Monthly Archive for October, 2005

Boredom and Burnout Are a Deadly Pair

We all get bored with our jobs at one time or another. It’s a miserable feeling. Left unattended, boredom can get so intense and lasts so long that it results in burnout. When that happens, we are facing a costly and potentially dangerous threat to our health and our careers.

We can take some comfort in knowing we are not alone. Burnout has been called the biggest occupational hazard in the 21st century. There is also solace of sorts in realizing that boredom and burnout most often strike the brightest and best, the most ambitious of us.

Recognize The Classic Symptoms

Career Advice: The symptoms of boredom are easy to recognize. The victim no longer enjoys what he is doing. He dreads going to work. One wag said, “You know you are bored when it takes twice as long to drive to work in the morning as it does to get home at night.”

Being bored with some specific part of your job is different from suffering boredom with the job itself. In fact, it is not unusual to find at least one-half of the things we do on any given job are boring. Serious boredom is being tired of the whole scene, day in and day out.

JobTip: The signs of burnout are more serious. They include fatigue, low morale, absenteeism, fear, despair, hostility at home and on the job, increased health problems and drug or alcohol abuse.

Usually boredom and burnout grow out of such causes as our bringing more ability to a task over a period of time than the assignment warrants. In other words, we can do the job with half our brain and half our energy. There’s time to get bored. Or we suffer from frustrated ambitions; we are stuck on a rung of the ladder and see no way to the top. We expect more than life can deliver and we want it now. Or we may be buckling under relentless pressure.

Career Advice: Act Today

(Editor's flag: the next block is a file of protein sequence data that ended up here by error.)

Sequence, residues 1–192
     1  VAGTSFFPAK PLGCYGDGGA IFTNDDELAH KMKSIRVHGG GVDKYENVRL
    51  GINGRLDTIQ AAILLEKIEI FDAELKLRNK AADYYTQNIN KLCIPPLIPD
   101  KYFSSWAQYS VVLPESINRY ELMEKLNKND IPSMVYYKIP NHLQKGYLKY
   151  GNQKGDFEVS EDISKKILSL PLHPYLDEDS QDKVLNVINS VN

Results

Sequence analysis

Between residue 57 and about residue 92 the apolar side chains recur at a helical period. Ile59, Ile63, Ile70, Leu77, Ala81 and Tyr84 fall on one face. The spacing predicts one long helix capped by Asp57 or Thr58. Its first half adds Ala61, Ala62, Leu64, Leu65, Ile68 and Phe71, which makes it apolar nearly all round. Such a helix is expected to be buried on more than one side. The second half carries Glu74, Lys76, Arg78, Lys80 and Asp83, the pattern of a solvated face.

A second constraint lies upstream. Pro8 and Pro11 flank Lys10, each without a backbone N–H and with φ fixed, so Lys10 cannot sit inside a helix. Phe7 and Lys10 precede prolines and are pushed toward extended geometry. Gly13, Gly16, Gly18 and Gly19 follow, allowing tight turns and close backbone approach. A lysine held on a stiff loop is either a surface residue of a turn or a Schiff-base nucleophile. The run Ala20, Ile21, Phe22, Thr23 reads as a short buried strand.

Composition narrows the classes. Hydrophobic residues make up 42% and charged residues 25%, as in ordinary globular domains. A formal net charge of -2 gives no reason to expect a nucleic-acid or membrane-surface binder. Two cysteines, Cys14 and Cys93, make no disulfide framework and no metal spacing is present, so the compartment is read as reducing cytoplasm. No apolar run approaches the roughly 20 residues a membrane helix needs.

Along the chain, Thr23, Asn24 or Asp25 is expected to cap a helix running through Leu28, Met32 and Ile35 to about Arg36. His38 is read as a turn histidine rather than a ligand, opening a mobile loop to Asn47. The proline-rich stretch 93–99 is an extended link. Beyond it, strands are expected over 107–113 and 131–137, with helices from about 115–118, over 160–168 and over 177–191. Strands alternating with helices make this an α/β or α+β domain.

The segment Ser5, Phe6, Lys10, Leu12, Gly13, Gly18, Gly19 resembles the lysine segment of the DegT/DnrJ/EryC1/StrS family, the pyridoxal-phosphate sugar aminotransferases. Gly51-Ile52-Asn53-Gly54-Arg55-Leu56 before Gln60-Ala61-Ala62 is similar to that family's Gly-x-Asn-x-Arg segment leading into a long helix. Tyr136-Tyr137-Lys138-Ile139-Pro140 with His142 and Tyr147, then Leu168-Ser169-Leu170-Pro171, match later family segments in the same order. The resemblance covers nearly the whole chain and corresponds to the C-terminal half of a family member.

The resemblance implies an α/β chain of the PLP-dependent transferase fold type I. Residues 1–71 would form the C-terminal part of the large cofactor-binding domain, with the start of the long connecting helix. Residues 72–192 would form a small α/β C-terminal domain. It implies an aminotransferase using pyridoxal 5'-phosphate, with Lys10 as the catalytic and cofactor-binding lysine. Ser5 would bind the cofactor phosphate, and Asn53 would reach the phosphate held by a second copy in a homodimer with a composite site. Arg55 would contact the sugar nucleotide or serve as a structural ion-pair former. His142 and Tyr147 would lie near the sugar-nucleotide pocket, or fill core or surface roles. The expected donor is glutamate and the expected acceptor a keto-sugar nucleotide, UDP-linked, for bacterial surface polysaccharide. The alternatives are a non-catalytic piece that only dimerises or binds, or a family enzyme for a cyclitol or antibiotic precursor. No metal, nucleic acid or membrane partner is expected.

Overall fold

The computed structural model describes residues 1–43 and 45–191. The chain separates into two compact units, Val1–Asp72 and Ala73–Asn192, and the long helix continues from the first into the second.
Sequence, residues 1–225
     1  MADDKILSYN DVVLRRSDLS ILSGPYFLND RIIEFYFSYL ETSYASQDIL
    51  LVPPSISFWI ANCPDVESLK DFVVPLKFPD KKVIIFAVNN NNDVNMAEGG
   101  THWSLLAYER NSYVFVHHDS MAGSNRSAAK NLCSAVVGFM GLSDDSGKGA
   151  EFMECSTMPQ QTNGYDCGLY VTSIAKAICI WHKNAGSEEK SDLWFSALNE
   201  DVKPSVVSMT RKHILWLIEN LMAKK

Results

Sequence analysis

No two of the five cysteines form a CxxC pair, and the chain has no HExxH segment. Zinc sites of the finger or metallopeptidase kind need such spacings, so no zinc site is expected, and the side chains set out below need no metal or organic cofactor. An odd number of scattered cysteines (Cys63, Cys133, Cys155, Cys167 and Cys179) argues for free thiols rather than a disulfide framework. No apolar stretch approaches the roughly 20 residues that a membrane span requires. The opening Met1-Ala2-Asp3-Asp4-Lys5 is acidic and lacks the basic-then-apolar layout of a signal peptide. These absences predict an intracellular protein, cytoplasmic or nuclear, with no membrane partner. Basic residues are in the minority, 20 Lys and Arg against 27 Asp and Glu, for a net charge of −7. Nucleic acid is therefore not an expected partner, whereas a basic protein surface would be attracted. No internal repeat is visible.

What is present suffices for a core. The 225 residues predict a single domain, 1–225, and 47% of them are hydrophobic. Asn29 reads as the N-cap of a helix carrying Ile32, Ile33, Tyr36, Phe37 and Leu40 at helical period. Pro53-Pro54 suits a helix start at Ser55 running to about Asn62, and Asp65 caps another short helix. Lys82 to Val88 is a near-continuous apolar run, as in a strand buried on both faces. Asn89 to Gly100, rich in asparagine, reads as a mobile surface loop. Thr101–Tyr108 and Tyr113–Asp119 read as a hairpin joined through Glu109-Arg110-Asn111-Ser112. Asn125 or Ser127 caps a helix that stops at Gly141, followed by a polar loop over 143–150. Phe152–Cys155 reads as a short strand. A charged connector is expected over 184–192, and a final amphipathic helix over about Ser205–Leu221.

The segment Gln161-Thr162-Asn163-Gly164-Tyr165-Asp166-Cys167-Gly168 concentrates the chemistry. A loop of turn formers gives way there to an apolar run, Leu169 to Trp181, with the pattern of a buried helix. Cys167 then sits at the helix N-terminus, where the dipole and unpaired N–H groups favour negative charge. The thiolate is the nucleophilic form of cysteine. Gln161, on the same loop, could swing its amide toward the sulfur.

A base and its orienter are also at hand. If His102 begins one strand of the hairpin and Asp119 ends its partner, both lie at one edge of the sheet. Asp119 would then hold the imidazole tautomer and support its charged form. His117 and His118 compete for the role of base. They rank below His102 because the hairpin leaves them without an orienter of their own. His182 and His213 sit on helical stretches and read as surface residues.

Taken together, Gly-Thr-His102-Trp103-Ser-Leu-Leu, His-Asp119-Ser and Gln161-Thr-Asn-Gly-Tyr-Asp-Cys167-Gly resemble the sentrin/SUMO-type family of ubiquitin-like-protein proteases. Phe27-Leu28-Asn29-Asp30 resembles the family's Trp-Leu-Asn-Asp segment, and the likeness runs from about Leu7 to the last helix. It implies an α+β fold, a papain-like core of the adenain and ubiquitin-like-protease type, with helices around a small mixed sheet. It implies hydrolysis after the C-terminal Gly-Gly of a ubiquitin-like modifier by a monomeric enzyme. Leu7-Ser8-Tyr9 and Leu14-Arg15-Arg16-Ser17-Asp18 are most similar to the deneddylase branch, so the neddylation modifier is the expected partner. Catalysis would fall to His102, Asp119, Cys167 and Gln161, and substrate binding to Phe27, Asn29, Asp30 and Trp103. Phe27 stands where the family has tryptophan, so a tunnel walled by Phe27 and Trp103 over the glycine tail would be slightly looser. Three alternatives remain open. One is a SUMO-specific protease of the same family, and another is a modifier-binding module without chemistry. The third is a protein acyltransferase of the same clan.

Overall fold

Act today to deal with boredom and burnout. Almost any positive action is better than sitting around in a funk. Every day we delay, we sink a little deeper in the hole of despair and discouragement. One expert on the matter says, “Most maddening is the self-torturing inertia. You know you should be doing more … that there are lots of things you could do, but then, what’s the use?”

Job Tips: How To Deal With The Deadly B’s

It takes a lot of good common sense, discipline and hard work to deal with boredom and burnout, the Deadly B’s.

If upon rational analysis you find you are bored with your job as a whole and not just some routine part of it, you should discuss the problem with your boss and ask for a transfer to another, more challenging position. (If you can’t discuss your feelings with your boss, you have a problem of another kind.)

If a transfer is not feasible, then you need to make a dedicated effort to enlarge your present responsibilities. Or find new ways to carry them out; learn new skills. Change your daily routine. Find life-enlarging interests aside from your job.

It helps to see your job in the context of the larger mission of the organization. That is, to understand that no matter how small, you are an integral part of the organization. What you do is important.

Boredom and burnout have a hard time surviving when you learn to take pride in your work and try constantly to improve what you do.

A final job tip: if none of these steps provide any relief, then you need to seriously consider moving on to another position with new challenges. But you should be careful about taking this extreme step. Be sure you are not running away from yourself and the realities of the challenges and periods of boredom that are inevitable parts of life.